Discussions about the benefits of legalizing marijuana tend to turn on revenue benefits to the state — not hard to understand in economically challenged New Jersey. Some advocates also point to ending the pot prohibition as a tool of social justice. Both ideas are on the front burner again at New Jersey United for Marijuana Reform (NJUMR), thanks to the bill introduced yesterday by state Senator Nicholas Scutari that would let residents 21 and older use marijuana, which would be taxed and regulated by the state.
Revenue estimates from a homegrown grass industry tend to hover around $300 million, mostly the result of taxes and regulation.
But there’s another aspect to legalization that may not be as apparent as facts and figures.
“The war on marijuana is an instrument of racial discrimination, and the inequalities it perpetuates have only gotten worse over time,” said R. Todd Edwards, political action director of the NAACP NJ State Conference. “It’s time to end these racial disparities in arrests and imprisonment … Possession is one of the most common reasons that people in New Jersey are serving time in our jails, and it’s one of the most significant sources of racial disparities in our criminal justice system.”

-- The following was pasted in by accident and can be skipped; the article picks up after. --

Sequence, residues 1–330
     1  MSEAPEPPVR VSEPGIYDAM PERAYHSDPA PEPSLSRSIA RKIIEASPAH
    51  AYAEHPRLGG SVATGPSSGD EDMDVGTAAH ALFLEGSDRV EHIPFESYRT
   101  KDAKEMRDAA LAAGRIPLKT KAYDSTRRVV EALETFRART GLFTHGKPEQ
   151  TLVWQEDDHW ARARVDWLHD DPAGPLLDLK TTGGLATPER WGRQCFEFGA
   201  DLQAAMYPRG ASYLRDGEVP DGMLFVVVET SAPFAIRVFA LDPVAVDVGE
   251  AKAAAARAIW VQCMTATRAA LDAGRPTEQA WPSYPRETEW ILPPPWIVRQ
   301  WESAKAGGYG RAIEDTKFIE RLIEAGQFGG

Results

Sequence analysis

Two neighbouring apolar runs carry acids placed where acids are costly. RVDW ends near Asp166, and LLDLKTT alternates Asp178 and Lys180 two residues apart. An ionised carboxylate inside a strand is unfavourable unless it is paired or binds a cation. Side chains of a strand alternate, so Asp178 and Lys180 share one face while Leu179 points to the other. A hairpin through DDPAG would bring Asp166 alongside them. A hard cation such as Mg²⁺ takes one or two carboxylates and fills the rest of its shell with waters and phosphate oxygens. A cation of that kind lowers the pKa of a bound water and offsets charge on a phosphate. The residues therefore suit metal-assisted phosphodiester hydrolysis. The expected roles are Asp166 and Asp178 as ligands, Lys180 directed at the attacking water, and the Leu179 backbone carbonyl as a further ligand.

Unfortunately, given that Gov. Chris Christie views marijuana as a “gateway drug,” the Scutari legislation or similar bills have no chance of being enacted before 2018.
The NJUMR is a coalition of civil rights groups, medical professionals, law enforcement, and other thought leaders.